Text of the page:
The Greater Columbus Sports Commission’s annual Morning Sports Report breakfast, which highlights the best athletics the city has to offer, was headlined by Urban Meyer and the 2014 national champion Ohio State Buckeyes.
Also honored at the event held in front of nearly 1,000 people at the city’s convention center were OSU wrestler Logan Stieber as well as members of the national title-winning, rowing, synchronized swimming and pistol teams.
The five national champions represented an Ohio State record for one athletics year, and all came from different situations. Rowing won its third title in a row, while wrestling won its first in program history and synchronized swimming reignited its dynasty. The sport that owns this state and city’s imagination, football, overcame tremendous amounts of adversity to win its eighth title, and linebacker Joshua Perry said doing so was fueled by the opportunity to do what many said the Buckeyes could not.
“I think one thing that I enjoyed the most is how we were doubted so many times and how we kept bouncing back and proving people wrong,” Perry said. “I think it takes a lot to do that. Just being able to do something that people say you can’t do is a great thing.”
Of course, that won’t be the case in 2015. The Buckeyes are ranked No. 1 in just about every preseason poll, placing the burden of expectations on the team. Of course, expectations are better than nothing because it means a team has talent, something head coach Urban Meyer is well aware of.
He’s tried to repeat twice before and came up short each time, and the latter failure nearly drove him from coaching. But now, speaking moments after OSU’s 2014 highlights video played for the crowd, Meyer admitted he has a better handle on how he’ll approach the upcoming season.
“I’ve seen that video probably 6,000, 7,000 times now, and I’ll forever remember it,” he said. “From start to finish, it was the most improved team – I know it’s a bold statement – maybe in college football history from game one to game 15.
“I made a mistake in ’06 – you think life gets easier. It gets more complicated. I used to think we’re playing with house money now; we’re not. But what we’ll never change is that brotherhood, that blood transfusion – we’ll be forever brothers with the guys that did that.”
The same could be said of the OSU wrestlers, a team Meyer became a huge fan of as the season went on.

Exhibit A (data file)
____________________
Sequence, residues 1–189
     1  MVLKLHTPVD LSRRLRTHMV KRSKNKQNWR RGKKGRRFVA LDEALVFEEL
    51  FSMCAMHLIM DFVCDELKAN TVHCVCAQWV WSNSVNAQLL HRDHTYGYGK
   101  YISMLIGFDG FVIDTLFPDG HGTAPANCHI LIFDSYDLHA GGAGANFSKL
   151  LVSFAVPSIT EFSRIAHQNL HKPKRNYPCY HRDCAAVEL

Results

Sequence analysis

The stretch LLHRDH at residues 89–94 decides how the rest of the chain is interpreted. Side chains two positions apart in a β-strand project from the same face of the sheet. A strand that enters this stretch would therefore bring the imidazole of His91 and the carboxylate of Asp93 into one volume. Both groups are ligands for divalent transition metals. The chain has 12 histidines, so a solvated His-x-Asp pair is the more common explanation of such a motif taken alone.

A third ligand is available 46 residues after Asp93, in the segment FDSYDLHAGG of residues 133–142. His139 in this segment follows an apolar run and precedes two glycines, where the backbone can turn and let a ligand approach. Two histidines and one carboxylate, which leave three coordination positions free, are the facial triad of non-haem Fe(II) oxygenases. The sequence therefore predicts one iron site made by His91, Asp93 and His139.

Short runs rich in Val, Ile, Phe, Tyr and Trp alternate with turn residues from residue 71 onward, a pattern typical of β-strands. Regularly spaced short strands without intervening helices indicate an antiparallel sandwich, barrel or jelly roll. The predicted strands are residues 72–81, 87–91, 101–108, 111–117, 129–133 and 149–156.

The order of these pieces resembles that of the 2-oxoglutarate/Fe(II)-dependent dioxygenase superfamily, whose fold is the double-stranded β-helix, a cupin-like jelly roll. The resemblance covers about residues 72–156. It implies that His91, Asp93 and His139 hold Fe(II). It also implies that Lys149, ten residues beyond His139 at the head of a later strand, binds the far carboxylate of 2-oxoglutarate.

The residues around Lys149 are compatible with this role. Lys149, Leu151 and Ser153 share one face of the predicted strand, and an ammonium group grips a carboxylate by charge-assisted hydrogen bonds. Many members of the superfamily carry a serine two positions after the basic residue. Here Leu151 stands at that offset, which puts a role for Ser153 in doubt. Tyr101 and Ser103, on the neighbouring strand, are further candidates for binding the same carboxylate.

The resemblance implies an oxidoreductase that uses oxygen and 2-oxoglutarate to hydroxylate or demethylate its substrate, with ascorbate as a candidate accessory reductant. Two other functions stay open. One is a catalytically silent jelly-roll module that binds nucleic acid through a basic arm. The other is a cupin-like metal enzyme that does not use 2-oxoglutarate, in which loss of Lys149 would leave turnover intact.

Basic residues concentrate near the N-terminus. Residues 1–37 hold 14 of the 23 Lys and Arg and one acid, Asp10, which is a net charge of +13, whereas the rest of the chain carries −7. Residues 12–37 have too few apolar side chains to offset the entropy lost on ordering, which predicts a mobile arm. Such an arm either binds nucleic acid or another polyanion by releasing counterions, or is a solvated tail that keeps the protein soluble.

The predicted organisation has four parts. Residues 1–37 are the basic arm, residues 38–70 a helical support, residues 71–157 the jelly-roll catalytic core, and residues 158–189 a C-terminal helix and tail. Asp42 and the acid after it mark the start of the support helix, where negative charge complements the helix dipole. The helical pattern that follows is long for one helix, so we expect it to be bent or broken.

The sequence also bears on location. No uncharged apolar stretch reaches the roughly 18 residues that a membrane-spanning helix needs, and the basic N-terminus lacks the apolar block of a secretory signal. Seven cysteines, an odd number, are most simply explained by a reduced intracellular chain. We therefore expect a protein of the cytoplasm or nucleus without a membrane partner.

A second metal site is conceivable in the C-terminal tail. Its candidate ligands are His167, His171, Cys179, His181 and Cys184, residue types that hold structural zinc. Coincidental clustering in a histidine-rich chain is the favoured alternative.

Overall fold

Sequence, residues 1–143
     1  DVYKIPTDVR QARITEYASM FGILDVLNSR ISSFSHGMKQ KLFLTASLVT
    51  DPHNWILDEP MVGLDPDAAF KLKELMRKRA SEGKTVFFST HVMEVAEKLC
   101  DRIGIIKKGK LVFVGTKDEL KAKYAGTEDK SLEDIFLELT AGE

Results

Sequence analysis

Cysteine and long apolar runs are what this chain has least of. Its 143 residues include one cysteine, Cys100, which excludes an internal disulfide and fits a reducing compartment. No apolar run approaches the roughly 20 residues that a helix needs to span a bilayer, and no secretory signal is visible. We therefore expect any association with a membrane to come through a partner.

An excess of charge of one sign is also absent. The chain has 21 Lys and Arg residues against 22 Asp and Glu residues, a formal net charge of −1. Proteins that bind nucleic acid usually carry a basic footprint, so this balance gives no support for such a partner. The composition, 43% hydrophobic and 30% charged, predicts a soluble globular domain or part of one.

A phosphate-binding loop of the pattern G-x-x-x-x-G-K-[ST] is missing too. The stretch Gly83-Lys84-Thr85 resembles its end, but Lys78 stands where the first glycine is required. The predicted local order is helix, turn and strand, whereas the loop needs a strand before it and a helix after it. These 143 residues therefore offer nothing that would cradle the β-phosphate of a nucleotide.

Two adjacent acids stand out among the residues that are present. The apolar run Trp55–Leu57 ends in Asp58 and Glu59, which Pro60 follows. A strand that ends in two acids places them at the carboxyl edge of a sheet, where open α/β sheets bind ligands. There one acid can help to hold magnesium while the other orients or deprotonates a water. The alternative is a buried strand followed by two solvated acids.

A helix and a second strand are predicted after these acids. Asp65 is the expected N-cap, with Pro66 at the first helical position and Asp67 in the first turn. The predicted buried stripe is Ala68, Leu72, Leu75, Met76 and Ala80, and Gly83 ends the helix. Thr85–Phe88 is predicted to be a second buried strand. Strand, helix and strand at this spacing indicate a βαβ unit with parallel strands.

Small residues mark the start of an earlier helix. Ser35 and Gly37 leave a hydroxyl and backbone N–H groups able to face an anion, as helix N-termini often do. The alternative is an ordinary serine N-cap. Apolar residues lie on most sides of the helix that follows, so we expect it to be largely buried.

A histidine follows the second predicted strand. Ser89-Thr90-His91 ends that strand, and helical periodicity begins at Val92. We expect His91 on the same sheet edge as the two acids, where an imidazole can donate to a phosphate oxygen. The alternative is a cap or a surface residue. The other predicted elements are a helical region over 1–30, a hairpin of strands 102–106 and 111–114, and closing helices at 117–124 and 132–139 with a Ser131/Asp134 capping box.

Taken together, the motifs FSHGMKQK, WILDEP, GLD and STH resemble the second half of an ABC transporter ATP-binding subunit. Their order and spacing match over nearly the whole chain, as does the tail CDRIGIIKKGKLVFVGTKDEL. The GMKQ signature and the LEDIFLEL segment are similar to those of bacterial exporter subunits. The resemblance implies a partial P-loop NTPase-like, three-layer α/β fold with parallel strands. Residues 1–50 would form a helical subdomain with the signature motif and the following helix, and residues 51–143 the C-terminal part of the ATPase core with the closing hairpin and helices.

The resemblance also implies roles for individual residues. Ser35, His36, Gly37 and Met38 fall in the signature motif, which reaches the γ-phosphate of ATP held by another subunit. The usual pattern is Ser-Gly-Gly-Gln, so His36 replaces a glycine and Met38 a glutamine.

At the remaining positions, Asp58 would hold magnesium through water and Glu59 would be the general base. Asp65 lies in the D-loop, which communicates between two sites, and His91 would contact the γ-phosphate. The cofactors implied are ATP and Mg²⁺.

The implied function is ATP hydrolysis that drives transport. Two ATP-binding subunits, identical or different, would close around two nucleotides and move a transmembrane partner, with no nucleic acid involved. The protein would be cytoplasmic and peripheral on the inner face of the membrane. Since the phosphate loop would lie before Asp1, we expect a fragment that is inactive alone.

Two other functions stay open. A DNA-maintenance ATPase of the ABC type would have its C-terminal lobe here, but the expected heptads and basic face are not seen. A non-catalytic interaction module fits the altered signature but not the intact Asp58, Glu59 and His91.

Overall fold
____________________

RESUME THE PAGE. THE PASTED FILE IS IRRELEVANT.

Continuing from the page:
“Luke Fickell is a great wrestling fan and a state champ and always talks about it,” Meyer said. “I’d never really experienced wrestling. It was new to me. (Wrestling coach) Tom Ryan and I became great friends and he would always come over, and I just didn’t really understand much about it. I knew they were tough guys. Obviously, don’t mess with guys like (Stieber).
“But I went over and I couldn’t believe what I was witnessing – the athleticism, the toughness, the grind. You think it’s an individual sport; it’s not. It’s a team sport. I love elite people that act and do the right things, and that’s what wrestlers do. I’m the biggest fan there is of Ohio State wrestling.”
Offensive linemen Patrick Elflein and Jacoby Boren accompanied Meyer and Perry to the breakfast event, with Elflein going into how the line’s “slobs” nickname came to be when the linemen started bonding in 2012.
“If you look at Andrew Norwell, you’re like, ‘Wow, I’d say he’s a slob,’ ” Elflein said. “He’s starting for the Panthers now. We just kind of embraced it, all of us. We called each other slobs last year when we were getting interviews, and the media took it and ran with it and embraced it. It’s definitely an honor to be a slob. Joshua wants to be a slob but he can’t.”
Ashley Bauer of the rowing team, synchronized swimmer Elizabeth Davidson and pistol shooter Greyson McCaig also spoke at the event, while athletics director Gene Smith and basketball great Clark Kellogg held a roundtable at a pre-event VIP social. Smith confirmed that OSU is well on its way toward completing fundraising for its three most important facilities prospects – a new student-athlete development center, the Covelli Arena for such sports as volleyball and wrestling and a new wrestling training center.
Outgoing Columbus mayor Michael Coleman also outlined which sporting events he'd like to see come to the capital city in future years, a list that included an outdoor NHL game in Ohio Stadium, more Women's Final Fours in addition to the one already scheduled for 2018 as well as men's basketball March Madness regionals.